Believe it or not, there’s been a growing movement in the realm of board and card games. It seems that since the early 2000’s, analog games (board and card) have been growing exponentially. No longer are families bound to playing Monopoly, Sorry, or Life. Many card game enthusiasts are familiar with games like Magic: The Gathering, Yu-Gi-Oh, and Pokemon, but did you know that there are hundreds of cards games that get released every year? On average, there were a little over 1,000 new board games released in the year 2000 and in 15 years, that number has grown by a factor of 5 according to boardgamegeek.com.
Analog games are a multi-million dollar business…at least on Kickstarter. The games category makes up for over $760 million in revenue. It beats out Design, Technology, and has even made over 3 times as much as Music projects.
Many of these games are not your average box family game you can just pick up at your local toy store. While many of these projects are small in scope, it’s not uncommon for a game to completely blow its goal out of the water. Take Exploding Kittens, a game designed by Elan Lee with the art stylings of Matthew Inman from The Oatmeal website. Its original goal of $10,000 was reached in a mere 8 minutes and went on to finish its campaign well over $8.7 million. Another game, Kingdom Death: Monster gained similar success, but through trial and error. On its third campaign, the game raised over $2 million, and then a 1.5 version raised an additional $12.4 million and was the highest game-related project to date. It features high quality 3D printed figures, almost 1,000 cards, and massive amounts of tokens.
A recent release, Rising Sun, also featured high quality 3D printed miniatures and arrived as a 13lb box! In it, was the base game, a separate box for the Kickstarter extras, and 2 special expansion boxes…and the game only takes 1-2 hours to play! Compared to Monopoly which weighs in about 1-2 lbs and can easily play over 4 hours.
But why? With video games having an (arguably) more immersive experience than your average board game, why are people shelling out millions of dollars for cardboard?
I believe there are several factors:
1. The need for substantial social interaction.
Social interaction over the past 30 years has gone from picking up a telephone to talk to someone to texting over your cell phone. Nowadays, many people only use text to communicate and only reserve talking on the phone to extreme emergencies. Even though there’s been advancements with communication in the video game world with voice chat and services like Twitch, Xbox Live, and Playstation Network, I believe people are trying to return to the time when we thrived off of personal, social interaction.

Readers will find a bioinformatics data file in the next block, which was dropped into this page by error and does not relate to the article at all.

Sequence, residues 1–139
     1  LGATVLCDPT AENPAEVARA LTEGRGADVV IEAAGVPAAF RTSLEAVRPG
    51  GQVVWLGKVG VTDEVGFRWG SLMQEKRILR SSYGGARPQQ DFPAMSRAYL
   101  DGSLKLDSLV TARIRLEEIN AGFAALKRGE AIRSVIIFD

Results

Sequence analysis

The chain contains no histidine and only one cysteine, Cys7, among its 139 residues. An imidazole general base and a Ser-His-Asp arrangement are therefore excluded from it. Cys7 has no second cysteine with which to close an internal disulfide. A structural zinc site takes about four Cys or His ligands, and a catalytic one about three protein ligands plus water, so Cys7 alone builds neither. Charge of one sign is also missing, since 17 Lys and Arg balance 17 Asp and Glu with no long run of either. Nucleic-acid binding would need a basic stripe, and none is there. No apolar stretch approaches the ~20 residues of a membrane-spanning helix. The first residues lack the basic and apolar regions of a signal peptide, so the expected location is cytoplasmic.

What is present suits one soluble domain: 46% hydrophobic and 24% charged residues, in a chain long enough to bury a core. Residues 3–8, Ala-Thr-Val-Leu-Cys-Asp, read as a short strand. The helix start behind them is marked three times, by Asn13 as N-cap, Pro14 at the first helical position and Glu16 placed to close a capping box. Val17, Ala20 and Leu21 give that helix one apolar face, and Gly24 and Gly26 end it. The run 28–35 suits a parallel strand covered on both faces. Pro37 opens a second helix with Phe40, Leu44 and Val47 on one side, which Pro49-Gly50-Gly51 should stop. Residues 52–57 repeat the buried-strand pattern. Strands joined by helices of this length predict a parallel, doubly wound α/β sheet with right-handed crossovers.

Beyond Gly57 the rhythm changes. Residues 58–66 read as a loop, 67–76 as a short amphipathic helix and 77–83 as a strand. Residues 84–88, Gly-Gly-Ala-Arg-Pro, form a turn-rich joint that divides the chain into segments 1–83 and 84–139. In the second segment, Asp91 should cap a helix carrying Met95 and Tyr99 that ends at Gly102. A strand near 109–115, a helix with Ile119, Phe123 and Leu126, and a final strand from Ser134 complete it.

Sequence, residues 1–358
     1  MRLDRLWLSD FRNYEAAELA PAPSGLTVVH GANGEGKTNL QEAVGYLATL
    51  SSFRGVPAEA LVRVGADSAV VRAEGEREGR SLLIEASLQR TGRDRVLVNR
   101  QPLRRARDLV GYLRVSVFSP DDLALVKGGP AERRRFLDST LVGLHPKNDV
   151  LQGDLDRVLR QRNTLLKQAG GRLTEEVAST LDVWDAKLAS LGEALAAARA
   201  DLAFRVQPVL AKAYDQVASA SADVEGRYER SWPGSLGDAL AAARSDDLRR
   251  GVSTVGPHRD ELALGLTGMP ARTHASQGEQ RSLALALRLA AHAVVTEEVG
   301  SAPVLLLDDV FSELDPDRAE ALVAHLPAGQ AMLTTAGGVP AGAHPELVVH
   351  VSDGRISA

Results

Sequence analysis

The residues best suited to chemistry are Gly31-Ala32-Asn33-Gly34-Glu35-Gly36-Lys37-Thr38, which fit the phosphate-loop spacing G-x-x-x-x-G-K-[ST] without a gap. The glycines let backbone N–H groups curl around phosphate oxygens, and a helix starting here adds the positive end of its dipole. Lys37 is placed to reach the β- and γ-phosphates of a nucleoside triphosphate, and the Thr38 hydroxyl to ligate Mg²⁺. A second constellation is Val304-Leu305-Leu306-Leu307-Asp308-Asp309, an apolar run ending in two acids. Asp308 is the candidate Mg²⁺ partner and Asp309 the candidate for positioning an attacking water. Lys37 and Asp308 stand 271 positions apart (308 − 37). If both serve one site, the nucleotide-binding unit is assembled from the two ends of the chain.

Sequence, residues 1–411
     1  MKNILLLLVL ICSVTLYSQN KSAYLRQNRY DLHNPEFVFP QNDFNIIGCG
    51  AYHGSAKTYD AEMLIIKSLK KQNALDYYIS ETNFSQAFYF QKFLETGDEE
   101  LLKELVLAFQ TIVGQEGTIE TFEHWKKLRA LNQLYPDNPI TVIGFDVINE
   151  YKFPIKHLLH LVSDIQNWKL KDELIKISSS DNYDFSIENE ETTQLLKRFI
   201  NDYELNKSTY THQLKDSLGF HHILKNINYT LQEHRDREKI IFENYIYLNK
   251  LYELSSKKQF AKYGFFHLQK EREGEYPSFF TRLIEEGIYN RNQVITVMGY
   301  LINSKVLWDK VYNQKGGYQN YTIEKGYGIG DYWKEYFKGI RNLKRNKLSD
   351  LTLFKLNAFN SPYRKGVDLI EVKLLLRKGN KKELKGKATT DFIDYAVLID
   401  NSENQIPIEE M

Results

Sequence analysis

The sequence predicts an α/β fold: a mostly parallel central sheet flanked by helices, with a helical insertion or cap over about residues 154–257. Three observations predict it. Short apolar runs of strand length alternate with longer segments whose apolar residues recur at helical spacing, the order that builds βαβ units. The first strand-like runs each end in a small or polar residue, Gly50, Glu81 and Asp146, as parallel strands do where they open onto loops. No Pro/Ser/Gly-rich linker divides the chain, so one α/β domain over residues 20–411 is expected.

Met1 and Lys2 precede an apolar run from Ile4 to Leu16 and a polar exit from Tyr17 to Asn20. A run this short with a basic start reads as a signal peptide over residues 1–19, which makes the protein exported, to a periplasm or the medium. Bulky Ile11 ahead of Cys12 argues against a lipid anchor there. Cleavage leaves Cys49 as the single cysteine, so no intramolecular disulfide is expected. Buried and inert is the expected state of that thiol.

After all, we are social animals! We could play online games all day and still feel lonely. We not only want it, we need it. There are plenty of studies that prove this. I truly believe that the rise in analog games is a knee-jerk reaction to an information age that is slowly taking away our ability to interact with other people.
2. The need to practice our communication skills.
It can be argued that even though physical communication is advancing, the art of communication is dying. I’ve already talked about the merits of social interaction, but playing an analog game with other people does something that video games took away, the need to communicate what you’re going to do. In this digital age, game mechanics are almost all automated; when we pull the trigger to fire a weapon, we know fairly quickly whether or not we hit based on the crunching of zeroes and ones. In analog games, we are forced to explain not only the how, but the why of what we do. In Monopoly (I know, horrible example), everyone knows what I do…I roll the dice, I physically (or tell someone to) move my piece on the board, I tell everyone whether or not I’m buying the property OR the person that owns the property tells me how much I owe…then I decide whether or not to flip the table. When I’m playing an online video game, yes, I talk to my friends, but they don’t see exactly where I’m going to go, when I pull the trigger, or whether or not I hit the enemy in the head. All of that is automated. We are not forced to explain our actions because the game doesn’t require us to do so.